His main point seems to be that citizens approve or disapprove of their leaders based on the current economic condition of their country (True). He says that a lot of the time the economic conditions of a country are affected by something unrelated to the actions taken by a country's leaders (Also, true). He says this is a bad thing for governance (Also, true). He says that a smaller country is more likely to be impacted economically by outside events (maybe, true). Therefore, bigger countries are better (logically true, but misses a bigger point).
I grew up in Canada a country that has about 1/10th the population and 1/10th the GDP of the United States. Sometimes the economy goes bad in Canada. We Canadians are a simple folk, we like to play hockey and eat fiddleheads. However, we are astute enough to notice that when the economy isnt going well in Canada, it usually isn't going well for our neighbors to the south. This at first struck us as a strange coincidence, why do our economic conditions so clearly mirror those of the US? We at first thought that the US was copying us, but that idea was quickly scrapped. After a while we began to realize that because the US was so big and our economies were so interconnected, things that happened in the US would affect us in a pretty big way. As a result every time the housing bubble bursts in the US we don't take our hockey sticks and run John Diefenbaker or whoever the prime minister is out of Ottawa. Here is a list of our recent Prime Ministers and their tenure:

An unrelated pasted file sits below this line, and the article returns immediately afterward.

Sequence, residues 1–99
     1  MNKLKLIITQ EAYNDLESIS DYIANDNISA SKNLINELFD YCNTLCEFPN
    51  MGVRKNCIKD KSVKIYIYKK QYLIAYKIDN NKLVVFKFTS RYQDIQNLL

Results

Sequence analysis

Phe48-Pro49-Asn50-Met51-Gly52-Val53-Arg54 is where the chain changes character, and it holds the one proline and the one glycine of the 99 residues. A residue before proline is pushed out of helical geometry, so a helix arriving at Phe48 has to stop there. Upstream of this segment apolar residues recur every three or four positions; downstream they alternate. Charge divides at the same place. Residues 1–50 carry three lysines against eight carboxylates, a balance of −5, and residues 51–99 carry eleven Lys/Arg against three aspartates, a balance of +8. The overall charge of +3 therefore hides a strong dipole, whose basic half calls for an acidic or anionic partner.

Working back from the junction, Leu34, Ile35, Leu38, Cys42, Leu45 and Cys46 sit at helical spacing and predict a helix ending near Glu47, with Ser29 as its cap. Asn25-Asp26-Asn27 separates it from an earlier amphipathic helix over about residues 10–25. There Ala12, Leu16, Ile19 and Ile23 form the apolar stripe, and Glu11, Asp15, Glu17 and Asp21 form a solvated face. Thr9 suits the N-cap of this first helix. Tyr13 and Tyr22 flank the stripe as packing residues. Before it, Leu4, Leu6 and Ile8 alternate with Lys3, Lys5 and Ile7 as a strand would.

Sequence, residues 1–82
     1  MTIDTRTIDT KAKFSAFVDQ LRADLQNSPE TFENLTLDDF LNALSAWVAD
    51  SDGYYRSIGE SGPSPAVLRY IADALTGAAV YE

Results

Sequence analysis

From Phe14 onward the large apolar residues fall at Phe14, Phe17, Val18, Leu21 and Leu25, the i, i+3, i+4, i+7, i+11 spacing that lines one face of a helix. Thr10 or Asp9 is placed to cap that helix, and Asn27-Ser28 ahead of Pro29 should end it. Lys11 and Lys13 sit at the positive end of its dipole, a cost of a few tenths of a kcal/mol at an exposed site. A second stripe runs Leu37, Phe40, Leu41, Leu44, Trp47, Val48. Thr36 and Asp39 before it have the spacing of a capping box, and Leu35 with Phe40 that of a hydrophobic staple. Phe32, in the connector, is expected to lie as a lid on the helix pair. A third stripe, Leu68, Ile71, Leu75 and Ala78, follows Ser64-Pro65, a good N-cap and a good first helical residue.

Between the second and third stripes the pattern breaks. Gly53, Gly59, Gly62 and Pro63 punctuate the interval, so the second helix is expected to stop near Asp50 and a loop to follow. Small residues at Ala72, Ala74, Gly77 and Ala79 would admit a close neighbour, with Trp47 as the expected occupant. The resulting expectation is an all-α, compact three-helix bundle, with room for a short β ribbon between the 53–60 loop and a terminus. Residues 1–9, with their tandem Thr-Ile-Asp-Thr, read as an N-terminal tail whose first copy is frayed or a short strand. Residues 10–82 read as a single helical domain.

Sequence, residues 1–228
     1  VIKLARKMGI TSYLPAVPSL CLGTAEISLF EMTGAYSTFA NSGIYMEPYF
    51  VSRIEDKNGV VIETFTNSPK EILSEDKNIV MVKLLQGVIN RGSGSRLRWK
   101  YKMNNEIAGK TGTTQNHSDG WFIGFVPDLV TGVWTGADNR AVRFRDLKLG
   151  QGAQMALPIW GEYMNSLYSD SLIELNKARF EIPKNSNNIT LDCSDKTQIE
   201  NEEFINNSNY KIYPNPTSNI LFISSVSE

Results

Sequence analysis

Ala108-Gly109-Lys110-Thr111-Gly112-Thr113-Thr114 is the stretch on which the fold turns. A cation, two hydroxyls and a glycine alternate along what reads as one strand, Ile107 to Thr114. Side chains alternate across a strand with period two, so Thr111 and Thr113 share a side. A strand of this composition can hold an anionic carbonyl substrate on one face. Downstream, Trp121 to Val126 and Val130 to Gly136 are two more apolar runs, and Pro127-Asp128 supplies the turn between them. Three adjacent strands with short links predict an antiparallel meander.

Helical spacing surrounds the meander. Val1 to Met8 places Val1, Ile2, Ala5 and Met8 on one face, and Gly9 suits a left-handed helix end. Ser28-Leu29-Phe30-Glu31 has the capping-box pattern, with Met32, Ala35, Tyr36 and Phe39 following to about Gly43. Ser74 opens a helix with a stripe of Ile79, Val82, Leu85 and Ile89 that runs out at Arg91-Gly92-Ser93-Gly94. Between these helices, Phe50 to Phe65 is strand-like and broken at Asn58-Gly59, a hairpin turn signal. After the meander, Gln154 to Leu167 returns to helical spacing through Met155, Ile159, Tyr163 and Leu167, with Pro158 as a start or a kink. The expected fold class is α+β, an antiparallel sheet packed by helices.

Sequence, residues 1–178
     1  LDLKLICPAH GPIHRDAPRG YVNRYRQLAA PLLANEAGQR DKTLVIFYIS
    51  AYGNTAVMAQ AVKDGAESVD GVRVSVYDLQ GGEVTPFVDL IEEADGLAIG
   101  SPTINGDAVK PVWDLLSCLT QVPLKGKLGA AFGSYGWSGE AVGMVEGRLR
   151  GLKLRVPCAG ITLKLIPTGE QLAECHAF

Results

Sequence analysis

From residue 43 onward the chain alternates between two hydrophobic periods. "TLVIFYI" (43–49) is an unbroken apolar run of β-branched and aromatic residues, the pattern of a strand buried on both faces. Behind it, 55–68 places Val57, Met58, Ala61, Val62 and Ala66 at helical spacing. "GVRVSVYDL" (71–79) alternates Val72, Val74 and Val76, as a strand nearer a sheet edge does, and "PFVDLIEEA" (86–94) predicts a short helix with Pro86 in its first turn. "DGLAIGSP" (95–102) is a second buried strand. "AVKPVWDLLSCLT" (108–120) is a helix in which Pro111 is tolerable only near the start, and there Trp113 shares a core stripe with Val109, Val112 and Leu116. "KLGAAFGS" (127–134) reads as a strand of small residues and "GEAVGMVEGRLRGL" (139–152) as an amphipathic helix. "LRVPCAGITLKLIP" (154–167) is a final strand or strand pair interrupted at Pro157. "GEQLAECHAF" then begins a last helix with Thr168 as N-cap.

Steven Harper: 2006-Current (Conservative)
Paul Martin: 2003-2006 (Liberal)
Jean Chretian: 1993-2003 (Liberal)
Kim Campbell 1993-1993 (Conservative)*
Brian Mulroney 1984-1993 (Conservative)
*Kim Campbell was designated Prime Minister when Mulroney retired and then lost the election
What you see is a series of about 10 year terms that alternate. Obviously the party gains and loses seats and some of the time they don't have a majority of parliament, but you don't see the sort of Banana Republicanism that Will has predicted. This seems to be the case in most small democratic countries. I think this reflects an electorate that understands that with an economy so linked to the US, there is only so much a Prime Minister can do. I find Americans on the other hand are still having a tough time grasping the fact that Chinese policy actually affects the US. The size of their country may prevent them from seeing the impact of other countries. (Note: i'm not totally sure if this is true but seems just as plausible as Will's suggestion)
I have more thoughts on whether a bigger country is better more generally that I will save for a later post. However, Will's point about more things randomly affecting smaller countries, and they therefore will vote irrationally more often, so bigger countries are better, does not seem to be correct.